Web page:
Victor Schreckengost, who died January 26 at age 101, did not have an especially famous name. But to understand his impact on the way America lives, it helps to know that he designed not only the sissy bar that kept you from sliding off the back of your banana seat while popping the wheelies of your adolescence, but also most of the old-school pedal cars that your parents drove around on the sidewalk way back when they were kids: the Murray Champion, with its boxy, modest curves, and the slick silver Pursuit Plane, with a shape that would look right at home on Saturday-morning cartoons. Schreckengost was an industrial designer, artist, and teacher who Chip Nowacek, the executive director of the Victor Schreckengost Foundation, describes as “the American DaVinci.”
Schreckengost grew up in Ohio and graduated from the Cleveland School of Art in 1929, where he went on to teach for more than 50 years. As an artist, Schreckengost is most famous for his “Jazz Bowl,” blue-glazed and vibrating with lines evoking music and cities, which he designed for Eleanor Roosevelt. He’s also credited with changing the face of American dinnerware — creating an American style that didn’t copy its European predecessors. One design lives on in the American Girl line of dolls. Molly, the American Girl doll from the 1940s, owns a set of plates in Schreckengost’s “Flower Shop” pattern.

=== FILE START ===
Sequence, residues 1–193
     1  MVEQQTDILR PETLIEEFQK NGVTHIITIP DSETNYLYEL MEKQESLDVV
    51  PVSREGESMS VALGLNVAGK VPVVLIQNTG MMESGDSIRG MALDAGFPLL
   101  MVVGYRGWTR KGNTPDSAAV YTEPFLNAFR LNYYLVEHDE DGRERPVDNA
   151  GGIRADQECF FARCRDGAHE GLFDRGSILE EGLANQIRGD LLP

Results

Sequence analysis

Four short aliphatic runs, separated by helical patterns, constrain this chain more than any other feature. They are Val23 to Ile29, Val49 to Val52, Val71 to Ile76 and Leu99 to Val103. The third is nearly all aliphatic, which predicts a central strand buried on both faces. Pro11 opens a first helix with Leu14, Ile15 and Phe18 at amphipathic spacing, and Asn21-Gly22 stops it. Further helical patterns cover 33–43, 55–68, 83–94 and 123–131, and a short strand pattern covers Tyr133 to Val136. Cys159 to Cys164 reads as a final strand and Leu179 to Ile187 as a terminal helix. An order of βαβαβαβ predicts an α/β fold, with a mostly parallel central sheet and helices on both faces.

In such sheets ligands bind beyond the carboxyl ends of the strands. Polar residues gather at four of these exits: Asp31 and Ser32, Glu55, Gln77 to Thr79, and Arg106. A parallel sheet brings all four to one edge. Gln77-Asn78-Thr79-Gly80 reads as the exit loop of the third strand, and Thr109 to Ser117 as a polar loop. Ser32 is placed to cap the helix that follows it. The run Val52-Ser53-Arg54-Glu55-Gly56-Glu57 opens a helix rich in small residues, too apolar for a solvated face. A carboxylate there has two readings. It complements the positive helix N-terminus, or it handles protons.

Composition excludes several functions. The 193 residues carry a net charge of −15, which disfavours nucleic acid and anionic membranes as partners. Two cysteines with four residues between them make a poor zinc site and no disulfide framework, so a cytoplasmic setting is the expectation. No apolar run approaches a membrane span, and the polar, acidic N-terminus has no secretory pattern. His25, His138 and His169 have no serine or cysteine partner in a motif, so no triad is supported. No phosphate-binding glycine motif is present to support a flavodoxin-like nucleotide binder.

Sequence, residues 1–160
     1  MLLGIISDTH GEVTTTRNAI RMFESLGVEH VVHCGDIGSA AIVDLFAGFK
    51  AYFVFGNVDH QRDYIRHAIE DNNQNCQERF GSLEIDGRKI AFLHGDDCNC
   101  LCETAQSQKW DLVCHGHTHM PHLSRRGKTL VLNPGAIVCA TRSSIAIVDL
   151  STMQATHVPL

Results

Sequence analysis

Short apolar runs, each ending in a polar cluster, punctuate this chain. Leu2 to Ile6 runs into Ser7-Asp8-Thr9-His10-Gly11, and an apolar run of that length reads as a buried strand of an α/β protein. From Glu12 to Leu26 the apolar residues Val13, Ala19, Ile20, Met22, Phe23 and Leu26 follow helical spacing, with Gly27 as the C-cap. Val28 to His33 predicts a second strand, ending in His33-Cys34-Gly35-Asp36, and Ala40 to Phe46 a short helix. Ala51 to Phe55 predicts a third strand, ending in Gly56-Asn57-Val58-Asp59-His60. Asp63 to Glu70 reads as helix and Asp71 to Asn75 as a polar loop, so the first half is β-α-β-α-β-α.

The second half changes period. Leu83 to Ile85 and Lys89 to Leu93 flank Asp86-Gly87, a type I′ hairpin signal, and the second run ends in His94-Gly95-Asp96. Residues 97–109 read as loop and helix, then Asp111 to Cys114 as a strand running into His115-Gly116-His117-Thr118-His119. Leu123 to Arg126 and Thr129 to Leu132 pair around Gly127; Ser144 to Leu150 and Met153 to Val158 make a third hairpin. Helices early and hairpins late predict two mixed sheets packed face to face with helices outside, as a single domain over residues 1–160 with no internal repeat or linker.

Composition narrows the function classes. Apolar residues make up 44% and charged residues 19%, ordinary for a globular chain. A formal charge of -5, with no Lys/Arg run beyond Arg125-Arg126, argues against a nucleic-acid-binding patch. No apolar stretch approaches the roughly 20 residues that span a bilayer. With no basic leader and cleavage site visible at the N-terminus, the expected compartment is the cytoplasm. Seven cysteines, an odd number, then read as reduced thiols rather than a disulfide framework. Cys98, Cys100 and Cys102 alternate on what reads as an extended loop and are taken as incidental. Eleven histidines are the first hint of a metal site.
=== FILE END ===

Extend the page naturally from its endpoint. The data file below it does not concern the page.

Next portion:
But his most lasting achievements have to do with the intersection of aesthetics and manufacture, and consequently, art and commerce. It’s a dichotomy he would struggle with throughout his career, eventually reconciling in an unpublished essay: “My work has been constantly involved in the struggle between fine arts and their development into some functional form of what we call the applied or commercial arts. It took many years for me to realize that they need not conflict, that a basic philosophy, conviction, or understanding may be common to both ... There is no separate set of rules for each, or need there be a prostitution of one’s artistic integrity. There can and must be a continuity, a basic concept in the artist’s mind, which will show up in everything, which he does.”
His approach to design solved a multitude of manufacturing challenges. He created the first cab-over-engine design for busses, which is used in most city busses manufactured today. He figured out efficient ways to stamp pedal-car bodies out of a single sheet of metal, which by itself made them inexpensive to manufacture, but also figured out ways to use a basic body design that could be fitted with add-on details to create whole lines of toys at minimal additional cost. When General Electric charged him with designing fixtures for its fluorescent lights, he figured out that a matrix pattern cut into the panel that covers the bulb would both diffuse the light and improve the appearance of the fixture; the results still hang over heads in countless buildings. There are 109 patents to his name, and the impact of his designs on the economy is said to exceed $200 billion.